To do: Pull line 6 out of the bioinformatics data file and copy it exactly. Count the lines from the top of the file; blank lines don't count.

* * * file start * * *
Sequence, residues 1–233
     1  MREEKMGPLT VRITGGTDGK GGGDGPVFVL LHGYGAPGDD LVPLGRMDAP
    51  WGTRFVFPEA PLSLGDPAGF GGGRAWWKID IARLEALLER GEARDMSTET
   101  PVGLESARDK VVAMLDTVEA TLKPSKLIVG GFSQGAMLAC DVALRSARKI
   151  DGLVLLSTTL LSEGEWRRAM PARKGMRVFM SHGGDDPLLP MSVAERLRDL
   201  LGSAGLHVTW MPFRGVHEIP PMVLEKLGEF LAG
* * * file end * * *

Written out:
   201  LGSAGLHVTW MPFRGVHEIP PMVLEKLGEF LAG